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Winter Reading – Terms and Conditions: Life in Girls’ Boarding Schools 1939-1979

February 5, 2018

When I was a boy, I used to wonder why my mother was slightly, well, odd. Not odd as in mentally unstable, or even eccentric. Just different from the mothers of my friends, who used to radiate confidence in social situations, parties and school events. She dreaded them because she felt “one down”. Visits from my friends were tolerated, not embraced.

There was a low hum of melancholy that persisted in her throughout the good times as well as the bad. Of the latter, there were many. On rainy days, she would, in the words of my younger brother, be “depressed of the weather”.

I used to think that her low-key personality, her lack of joie de vivre, arose from an insecurity as a result of my father’s career, which flourished for the first years of their married life, and then came crashing down, largely because of some reckless business decisions.

As I grew up, I came to realise that that her melancholia ran much deeper, back to childhood.  Her father died young, and her mother married again. She always felt that her mother preferred male company and wanted to enjoy her second marriage without the inconvenient presence of a female rival for the attention of the new man in her life.

So my grandmother packed her off to a boarding school, selected, sight unseen, on the recommendation of a friend. My mother didn’t speak much about it, except that it didn’t provide her with much of an education. Fortunately, for the last two years of her schooling, she went to live with my great aunt, a teacher, and attended as a day pupil an excellent church school.

Her brother, in contrast, went to a boy’s boarding school, from where he went to Oxford, en route to a watery grave at the hands of a German U-boat.

I didn’t think too much about the effect on her of the boarding school to which she was dispatched, a hundred and fifty miles from home, and which my grandmother never visited.

Then I read a remarkable book that made me realise that her years away from home might have responsible for her innate sadness and lack of confidence in later life.

The book is Terms and Conditions: Life in Girls’ Boarding Schools 1939-1979, by Ysenda Maxtone Graham. I bought it the other day on a whim, thinking that it might be an interesting counterpoint to my experience as a school boarder, which lasted from the age of eight to seventeen.

My school days were relatively benign, perhaps because my parents went to great lengths to select institutions where they thought my brothers and I would flourish. They discounted any schools that used corporal punishment, interviewed the headmasters and took an interest in every aspect of the education and wider experience that the schools offered.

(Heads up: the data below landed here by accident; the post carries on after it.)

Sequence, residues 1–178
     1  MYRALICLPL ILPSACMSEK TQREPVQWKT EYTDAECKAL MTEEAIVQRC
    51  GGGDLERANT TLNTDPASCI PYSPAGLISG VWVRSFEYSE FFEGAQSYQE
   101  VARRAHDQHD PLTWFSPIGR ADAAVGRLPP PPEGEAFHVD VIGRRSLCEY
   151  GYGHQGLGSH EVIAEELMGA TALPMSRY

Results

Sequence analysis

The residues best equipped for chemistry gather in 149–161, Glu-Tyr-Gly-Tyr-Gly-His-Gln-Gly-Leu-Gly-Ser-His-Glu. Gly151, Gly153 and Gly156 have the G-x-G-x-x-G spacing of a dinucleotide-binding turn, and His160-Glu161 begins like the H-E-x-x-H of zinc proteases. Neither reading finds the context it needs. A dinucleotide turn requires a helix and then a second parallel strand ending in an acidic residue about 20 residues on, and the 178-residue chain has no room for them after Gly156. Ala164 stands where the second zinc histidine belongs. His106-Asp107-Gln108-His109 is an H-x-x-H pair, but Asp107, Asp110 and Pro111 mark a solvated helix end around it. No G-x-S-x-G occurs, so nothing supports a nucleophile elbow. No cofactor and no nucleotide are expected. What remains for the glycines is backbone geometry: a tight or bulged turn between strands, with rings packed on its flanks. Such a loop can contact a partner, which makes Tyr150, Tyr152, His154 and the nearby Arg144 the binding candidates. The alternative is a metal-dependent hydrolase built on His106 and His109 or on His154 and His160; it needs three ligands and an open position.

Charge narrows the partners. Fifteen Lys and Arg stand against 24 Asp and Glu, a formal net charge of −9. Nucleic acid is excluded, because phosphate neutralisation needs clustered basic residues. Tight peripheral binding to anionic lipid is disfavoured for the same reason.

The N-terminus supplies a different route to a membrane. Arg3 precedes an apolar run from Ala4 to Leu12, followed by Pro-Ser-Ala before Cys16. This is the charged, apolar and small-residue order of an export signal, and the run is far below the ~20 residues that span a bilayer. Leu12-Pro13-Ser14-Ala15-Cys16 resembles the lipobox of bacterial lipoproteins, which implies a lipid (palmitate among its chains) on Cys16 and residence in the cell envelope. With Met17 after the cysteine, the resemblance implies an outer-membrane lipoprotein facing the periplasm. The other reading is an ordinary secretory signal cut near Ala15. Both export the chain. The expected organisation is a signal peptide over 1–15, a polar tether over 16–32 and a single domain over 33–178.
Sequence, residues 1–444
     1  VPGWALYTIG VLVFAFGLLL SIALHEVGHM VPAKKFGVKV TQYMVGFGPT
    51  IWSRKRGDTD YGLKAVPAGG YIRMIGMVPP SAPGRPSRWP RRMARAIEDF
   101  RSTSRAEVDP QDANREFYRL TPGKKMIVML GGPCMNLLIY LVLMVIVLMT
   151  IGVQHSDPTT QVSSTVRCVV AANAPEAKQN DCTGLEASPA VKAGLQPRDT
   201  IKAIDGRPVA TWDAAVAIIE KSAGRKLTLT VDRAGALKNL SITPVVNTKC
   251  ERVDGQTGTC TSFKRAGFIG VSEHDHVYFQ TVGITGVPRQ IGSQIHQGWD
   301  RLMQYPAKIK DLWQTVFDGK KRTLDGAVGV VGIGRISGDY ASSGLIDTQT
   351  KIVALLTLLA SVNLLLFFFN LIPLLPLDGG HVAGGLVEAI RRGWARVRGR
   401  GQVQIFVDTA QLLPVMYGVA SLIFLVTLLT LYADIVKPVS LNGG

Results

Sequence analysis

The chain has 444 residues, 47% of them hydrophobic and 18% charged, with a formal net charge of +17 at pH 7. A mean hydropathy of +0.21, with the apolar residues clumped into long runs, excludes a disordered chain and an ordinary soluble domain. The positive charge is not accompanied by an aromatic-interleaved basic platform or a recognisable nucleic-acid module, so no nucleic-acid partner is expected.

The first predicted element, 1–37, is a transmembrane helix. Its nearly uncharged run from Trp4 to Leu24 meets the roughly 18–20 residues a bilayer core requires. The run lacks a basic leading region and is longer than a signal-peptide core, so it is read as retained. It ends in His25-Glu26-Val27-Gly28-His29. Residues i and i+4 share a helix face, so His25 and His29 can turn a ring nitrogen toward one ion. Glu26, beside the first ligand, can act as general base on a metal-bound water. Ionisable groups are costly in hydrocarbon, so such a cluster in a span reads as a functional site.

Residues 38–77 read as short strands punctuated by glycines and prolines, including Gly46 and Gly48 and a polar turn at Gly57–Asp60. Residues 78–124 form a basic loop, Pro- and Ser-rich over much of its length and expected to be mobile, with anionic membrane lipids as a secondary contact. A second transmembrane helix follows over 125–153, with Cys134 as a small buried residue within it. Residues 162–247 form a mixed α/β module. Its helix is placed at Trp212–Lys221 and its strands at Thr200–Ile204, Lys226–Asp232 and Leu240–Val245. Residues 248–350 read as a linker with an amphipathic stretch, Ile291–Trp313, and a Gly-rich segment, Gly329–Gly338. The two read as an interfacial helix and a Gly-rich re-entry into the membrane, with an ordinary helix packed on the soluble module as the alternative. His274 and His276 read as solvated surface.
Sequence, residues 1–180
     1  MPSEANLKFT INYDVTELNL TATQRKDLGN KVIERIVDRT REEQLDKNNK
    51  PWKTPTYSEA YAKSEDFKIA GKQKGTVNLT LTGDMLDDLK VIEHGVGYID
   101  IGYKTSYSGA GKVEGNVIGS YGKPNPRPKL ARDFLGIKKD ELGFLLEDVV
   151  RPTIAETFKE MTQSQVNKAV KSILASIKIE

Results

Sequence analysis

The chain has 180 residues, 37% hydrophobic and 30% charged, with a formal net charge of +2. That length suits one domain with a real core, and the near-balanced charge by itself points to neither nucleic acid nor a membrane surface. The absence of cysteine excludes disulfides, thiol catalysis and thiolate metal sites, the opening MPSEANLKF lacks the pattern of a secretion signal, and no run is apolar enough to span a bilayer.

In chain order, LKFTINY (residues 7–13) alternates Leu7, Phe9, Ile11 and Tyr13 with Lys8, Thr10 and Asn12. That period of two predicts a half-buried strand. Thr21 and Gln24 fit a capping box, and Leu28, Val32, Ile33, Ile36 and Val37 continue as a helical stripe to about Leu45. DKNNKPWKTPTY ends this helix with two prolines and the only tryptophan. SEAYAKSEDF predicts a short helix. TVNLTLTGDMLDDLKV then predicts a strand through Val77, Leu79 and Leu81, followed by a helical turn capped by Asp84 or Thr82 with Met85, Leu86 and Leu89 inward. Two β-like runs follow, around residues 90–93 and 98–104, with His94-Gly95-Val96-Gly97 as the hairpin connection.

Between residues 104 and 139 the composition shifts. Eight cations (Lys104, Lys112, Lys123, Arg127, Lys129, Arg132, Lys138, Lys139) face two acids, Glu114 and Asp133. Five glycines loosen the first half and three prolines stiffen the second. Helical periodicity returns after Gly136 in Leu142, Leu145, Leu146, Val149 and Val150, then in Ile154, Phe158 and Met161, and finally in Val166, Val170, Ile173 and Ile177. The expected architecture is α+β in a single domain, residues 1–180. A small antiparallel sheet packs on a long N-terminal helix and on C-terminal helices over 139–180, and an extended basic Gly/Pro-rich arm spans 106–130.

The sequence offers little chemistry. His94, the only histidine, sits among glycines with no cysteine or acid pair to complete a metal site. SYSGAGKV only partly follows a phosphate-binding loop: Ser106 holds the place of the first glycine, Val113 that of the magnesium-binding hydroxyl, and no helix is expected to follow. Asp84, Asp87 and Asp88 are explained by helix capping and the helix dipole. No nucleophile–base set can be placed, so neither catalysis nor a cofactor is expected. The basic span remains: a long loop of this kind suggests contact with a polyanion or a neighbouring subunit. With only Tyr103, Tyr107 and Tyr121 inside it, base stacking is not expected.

My sister, on the other hand, didn’t go to boarding school, but ended up at the same day school as my mother, where she excelled. If she still feels that she drew the short straw, as I believe she did at the time, Maxtone Graham’s book might convince her otherwise.

The author interviewed dozens of former pupils of British girls’ schools that to a greater or lesser extent flourished from the end of the 19th through to the late 20th centuries, after which many were wiped out by the decision of cash-strapped boy’s schools to go co-educational.

The stories her interviewees tell range from hilarious to horrifying. The worst of the schools were ghastly. Cold, loveless places ran by vindictive, opinionated, unmarried women who cared less for the welfare and development of those in their care than for the maintenance of order and routine.

Draughty former country houses, linoleum floors, the pervasive smell of cauliflower. Dormitories so cold that hot water bottles froze. Sadistic teachers who delighted in belittling their charges, and who knew precious little about the subjects they were supposed to teach. An obsession with “games” – netball, cricket, hockey and lacrosse, to be endured whatever the weather. Pupils weeping with homesickness, some of them sent away at the age of four by their parents in India, not to see them again for a year.

For all but a few elite schools, the objective of the “education” provided was the prepare their pupils for a life of marriage and motherhood. They would be taught deportment, domestic skills and a modicum of conventional subjects such as English, French and Maths. Precious little science.

The trajectory for these girls from middle and upper-class families was finishing school, a secretarial job at the Foreign Office or Sotheby’s followed by marriage to Mr Right, who would be a doctor, a lawyer, a diplomat or a member of the landed gentry. Or, better still, a peer of the realm with a large estate.

University? Not possible with the education they received. Those who had such aspirations found them knocked swiftly on the head by fathers who believed that careers were not for their daughters. Princess Diana was a product of such a school. She left without a single qualification, and on occasion would refer to herself as thick. Subsequent history, I think, showed that she was far from stupid.